Coca and Cocaine

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Coca is a plant from the genus Erythroxylum and is native to northwestern South America. For the purposes of a plant of abuse, coca leaves are used. Cocaine is the most important psychoactive alkaloid in the plant. The chemical structure of cocaine (2) is shown in Fig. 19.1. The leaves contain up to 2% cocaine in a dried state [6]. Although the genus Erythroxylum includes several hundred species, only E. coca and E. novogratense contain significant amounts of cocaine [6]. Trace amounts of cocaine have recently been detected in 23 species of Erythroxylum, with content below 0.001% [11].

Drugs Chemicals Structure Collection
Fig. 19.1 Chemical structures of most important active compounds of common herbal drugs of abuse
Kavapyrone Fig. 19.1 (continued)

The use of coca has a long tradition in South America. Hair analysis of mummies dated to at least 1000 CE has proven the consumption of coca via detection of cocaine and its metabolites in hair [12]. The first European description of coca is from Amerigo Vespucci from 1499. He described how South American aboriginals would chew the leaves together with a white powder [6]. The main psychoactive compound, cocaine, was first isolated in 1859 by Albert Niemann, a German chemist [13].

In 1863, the Italian chemist Angelo Mariani introduced a coca extract in sweet wine as a tonic, the so-called Vin Mariani. This tonic was copied in 1884 in the USA by John Pemberton. One year later, Pemberton responded to the American Prohibition legislation by developing a nonalcoholic carbonated coca extract, called Coca-Cola, which contained an estimated amount of 9 mg of cocaine and on the market until 1903.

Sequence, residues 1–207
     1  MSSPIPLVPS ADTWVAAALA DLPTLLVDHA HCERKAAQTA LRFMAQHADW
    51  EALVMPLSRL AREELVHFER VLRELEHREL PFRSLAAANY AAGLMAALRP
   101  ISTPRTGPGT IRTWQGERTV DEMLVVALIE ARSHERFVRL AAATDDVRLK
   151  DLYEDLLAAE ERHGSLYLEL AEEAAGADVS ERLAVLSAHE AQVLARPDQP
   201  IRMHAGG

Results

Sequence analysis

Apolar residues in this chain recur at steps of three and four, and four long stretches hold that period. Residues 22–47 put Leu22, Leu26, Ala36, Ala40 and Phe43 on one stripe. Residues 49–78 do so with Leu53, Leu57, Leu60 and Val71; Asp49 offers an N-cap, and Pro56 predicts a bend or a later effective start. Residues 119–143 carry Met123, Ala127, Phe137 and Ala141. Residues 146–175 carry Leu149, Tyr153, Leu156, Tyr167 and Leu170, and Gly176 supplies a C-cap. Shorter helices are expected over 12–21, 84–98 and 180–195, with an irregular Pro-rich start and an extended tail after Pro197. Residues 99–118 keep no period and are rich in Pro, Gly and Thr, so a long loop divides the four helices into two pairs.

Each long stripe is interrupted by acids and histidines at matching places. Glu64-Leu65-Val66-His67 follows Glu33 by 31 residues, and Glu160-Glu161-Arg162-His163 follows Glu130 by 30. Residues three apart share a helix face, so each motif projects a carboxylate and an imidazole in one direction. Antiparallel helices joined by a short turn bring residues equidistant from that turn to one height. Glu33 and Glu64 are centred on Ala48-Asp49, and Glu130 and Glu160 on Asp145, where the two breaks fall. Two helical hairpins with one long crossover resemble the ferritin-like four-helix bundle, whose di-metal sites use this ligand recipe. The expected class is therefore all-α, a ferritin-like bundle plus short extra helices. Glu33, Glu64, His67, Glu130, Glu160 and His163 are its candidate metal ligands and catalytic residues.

The use of coca leaves as a local anesthetic was first proposed by Samuel Percy in 1856 [13]. After the isolation of cocaine, the Austrian pharmacologist Karl Damian Ritter described narcotic effects after application on the skin. About 25 years later, cocaine was used in clinical practice as a local anesthetic in ophthalmic surgery. The advantage of cocaine as a local anesthetic is its unique combination of local anesthesia and intense vasoconstriction. Therefore, cocaine is still used for topical anesthesia by otorhinolaryngologists [13].

The anesthetic effects are pharmacologically caused by blocking of sodium channels, whereas the vasoconstriction is caused by sympathetic activation [14]. Cocaine inhibits the reuptake of catecholamines, which increases the activity of sympathetic synapses. This stimulation also occurs in the brain; therefore cocaine causes euphoria, garrulousness, and increased motor activity [14]. Cocaine also decreases fatigue and is abused as a stimulant.

In some communities coca leaves are typically mixed with an alkaline substance (such as lime) and chewed like a gum. Alternatively, coca leaves can be infused in liquid and consumed like tea such as mate de coca. This is a traditional method of consumption to treat altitude sickness, reduce fatigue, and increase energy and has been practiced for many centuries by some natives of South America [6].

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